Lesson 3: Legal Rights for Youth

Topic 1: Introduction to the Youth Criminal Justice Act

About the Youth Criminal Justice Act

The YCJA is for young people between the ages of 12 and 17 who are in conflict with the law. The main points are:

  • Youth are responsible for their actions
  • Youth will be held accountable for crimes in a fair manner

Young people are not sentenced in the same way as adults, except in some cases where the crime is very serious (for example, if s/he kills someone). It is important to try to help youth who commit crimes to improve their behaviour, and to avoid any further crimes.

What Rights Does a Young Person Have?

Young people have the right to:

  • Know the reason for being arrested. The police must tell youth this.
  • Remain silent.
  • Speak with a lawyer, a parent or other responsible adult. The police must give youth the opportunity to telephone any of these people.
  • Not to be kept in a custody centre (jail) while waiting for trial, unless safety is a concern or authorities believe the young offender might not show up for his or her trial.
  • Be considered innocent until proven guilty and to have a fair trial.
  • Be dealt with in a timely manner.

What Happens to Young Offenders?

Crown counsel is the lawyer for the government who decides if there is enough evidence to proceed with a criminal charge. For minor or first offences (for example, shoplifting), Crown counsel might:

  • Write a letter to the parents or guardians of the young person so that the family can deal with the problem.
  • Refer the young person to a community program or agency for an extrajudicial sanction rather than go to court. (This may include community service, service or repayment to the victim of the offence, courses, counselling, job-finding programs or recreation programs. This is to hold the young person accountable for a wrong doing in a way that is meaningful and promotes rehabilitation and reintegration.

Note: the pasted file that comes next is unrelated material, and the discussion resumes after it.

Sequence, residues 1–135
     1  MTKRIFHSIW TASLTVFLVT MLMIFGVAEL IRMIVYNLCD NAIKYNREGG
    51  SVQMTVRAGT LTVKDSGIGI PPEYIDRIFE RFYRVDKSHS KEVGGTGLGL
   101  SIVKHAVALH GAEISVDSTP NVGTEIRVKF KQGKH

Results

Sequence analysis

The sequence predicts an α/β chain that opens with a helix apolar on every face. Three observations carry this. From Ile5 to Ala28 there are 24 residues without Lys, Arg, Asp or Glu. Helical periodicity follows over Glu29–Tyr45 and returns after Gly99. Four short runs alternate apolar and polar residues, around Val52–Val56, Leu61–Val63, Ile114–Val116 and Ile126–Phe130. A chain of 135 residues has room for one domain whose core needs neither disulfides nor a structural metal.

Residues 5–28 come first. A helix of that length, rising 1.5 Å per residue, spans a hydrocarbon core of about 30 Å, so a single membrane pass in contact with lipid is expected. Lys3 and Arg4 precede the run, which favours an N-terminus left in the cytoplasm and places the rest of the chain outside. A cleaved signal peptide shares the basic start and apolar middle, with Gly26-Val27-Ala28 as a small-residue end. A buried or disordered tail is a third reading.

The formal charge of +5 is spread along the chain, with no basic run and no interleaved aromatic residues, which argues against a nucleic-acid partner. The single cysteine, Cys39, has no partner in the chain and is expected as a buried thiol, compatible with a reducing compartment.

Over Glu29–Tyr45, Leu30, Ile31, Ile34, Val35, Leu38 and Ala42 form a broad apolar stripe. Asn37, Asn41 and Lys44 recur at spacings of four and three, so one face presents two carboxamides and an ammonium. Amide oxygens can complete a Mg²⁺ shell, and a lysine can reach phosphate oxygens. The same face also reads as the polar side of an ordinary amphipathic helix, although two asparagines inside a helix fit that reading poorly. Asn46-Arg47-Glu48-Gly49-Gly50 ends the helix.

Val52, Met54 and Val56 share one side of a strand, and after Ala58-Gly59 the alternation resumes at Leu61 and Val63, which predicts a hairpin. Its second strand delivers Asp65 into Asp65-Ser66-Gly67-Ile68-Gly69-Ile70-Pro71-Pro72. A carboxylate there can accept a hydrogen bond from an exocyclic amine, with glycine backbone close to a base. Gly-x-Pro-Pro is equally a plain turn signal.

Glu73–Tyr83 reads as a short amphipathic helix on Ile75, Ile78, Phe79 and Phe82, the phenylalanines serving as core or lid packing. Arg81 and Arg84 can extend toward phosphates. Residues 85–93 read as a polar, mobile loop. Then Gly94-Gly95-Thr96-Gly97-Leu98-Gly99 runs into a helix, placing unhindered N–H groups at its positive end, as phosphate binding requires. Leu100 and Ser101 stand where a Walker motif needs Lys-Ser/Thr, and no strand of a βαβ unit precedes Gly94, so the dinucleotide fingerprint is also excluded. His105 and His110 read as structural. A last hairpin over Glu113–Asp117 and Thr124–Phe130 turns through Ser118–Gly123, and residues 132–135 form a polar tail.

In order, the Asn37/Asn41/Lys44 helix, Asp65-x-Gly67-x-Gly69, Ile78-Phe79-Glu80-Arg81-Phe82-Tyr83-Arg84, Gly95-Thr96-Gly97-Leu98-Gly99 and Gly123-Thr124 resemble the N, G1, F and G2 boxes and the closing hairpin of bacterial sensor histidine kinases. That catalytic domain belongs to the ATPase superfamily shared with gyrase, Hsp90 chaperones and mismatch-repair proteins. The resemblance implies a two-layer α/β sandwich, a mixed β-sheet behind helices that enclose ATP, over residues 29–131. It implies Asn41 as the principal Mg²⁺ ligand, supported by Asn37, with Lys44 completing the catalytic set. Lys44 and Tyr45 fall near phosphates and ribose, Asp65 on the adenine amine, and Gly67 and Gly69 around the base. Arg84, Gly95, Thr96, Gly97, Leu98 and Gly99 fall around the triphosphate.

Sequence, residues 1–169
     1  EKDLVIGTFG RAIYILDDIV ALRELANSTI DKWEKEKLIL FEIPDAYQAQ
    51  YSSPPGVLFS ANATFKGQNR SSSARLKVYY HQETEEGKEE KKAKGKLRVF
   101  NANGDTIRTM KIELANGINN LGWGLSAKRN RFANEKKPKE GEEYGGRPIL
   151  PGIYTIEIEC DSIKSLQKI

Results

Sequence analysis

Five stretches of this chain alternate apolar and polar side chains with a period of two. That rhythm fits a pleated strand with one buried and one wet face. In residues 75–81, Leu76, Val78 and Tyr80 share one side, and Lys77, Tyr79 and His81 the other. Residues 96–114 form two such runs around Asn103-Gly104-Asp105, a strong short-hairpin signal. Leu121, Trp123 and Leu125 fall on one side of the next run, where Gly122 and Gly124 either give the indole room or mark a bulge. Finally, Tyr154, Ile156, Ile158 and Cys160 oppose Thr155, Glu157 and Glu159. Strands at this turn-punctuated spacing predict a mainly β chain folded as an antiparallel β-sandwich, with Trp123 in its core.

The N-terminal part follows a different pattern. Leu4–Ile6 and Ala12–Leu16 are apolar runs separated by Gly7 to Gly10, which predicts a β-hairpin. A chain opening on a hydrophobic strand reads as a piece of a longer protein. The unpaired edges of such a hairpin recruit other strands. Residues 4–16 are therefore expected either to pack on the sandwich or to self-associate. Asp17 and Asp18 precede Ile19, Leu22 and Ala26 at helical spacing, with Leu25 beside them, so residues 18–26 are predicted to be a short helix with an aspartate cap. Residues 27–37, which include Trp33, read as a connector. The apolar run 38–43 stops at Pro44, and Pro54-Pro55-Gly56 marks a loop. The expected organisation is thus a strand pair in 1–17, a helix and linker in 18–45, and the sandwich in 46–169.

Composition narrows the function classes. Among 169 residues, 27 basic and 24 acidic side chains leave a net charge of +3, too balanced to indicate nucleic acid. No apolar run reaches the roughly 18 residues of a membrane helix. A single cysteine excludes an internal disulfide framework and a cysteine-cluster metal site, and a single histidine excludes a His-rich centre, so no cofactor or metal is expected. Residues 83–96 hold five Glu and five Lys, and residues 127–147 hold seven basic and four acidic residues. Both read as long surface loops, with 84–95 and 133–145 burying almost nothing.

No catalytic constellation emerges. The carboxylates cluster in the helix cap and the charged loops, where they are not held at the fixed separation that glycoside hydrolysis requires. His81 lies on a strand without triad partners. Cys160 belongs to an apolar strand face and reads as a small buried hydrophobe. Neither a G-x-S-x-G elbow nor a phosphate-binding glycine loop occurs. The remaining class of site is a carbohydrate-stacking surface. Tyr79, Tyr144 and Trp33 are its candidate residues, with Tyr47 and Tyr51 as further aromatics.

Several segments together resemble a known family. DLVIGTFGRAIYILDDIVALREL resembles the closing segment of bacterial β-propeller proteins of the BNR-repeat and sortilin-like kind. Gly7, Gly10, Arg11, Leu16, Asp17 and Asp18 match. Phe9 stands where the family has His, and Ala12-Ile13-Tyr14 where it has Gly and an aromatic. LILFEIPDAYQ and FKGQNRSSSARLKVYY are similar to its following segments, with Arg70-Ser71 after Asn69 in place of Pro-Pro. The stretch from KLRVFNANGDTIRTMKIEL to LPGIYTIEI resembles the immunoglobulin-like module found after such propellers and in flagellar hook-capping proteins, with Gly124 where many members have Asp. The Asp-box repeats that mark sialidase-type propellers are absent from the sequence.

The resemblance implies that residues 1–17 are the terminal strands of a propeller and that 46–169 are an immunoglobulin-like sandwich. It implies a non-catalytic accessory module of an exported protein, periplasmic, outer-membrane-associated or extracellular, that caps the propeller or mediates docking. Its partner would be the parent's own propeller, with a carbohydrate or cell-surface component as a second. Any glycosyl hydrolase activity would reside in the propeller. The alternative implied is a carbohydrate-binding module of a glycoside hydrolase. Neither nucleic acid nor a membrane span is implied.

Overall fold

For serious or repeat offences (for example, aggravated assault or armed robbery or for those who have been charged before with minor offences), the Crown counsel will charge the youth and conduct a trial in youth court. A possible consequence for the youth might be custody.

For repeat offenders, 14 years of age or older or charged with serious offences, the Crown counsel might apply to the judge to have the offender sentenced as an adult. If this happens, the young person would be sentenced the same way as an adult and might have his or her name published in the newspaper or other media.

Serious Offences

The most serious crimes are murder, attempted murder, manslaughter, aggravated sexual assault and repeat violent offences. If a youth is 14 (or 15, or 16, depending on the province or territory) and commits one of the most serious crimes, the justice system presumes the youth will get an adult sentence. The burden is on the youth to show why a youth sentence is appropriate to hold him or her accountable.


In all cases that go to court, victim impact statements can be introduced. These are statements by victims about how the crime has affected them and their families. The rights of the victim are considered under an important part of the process when dealing with youth crime.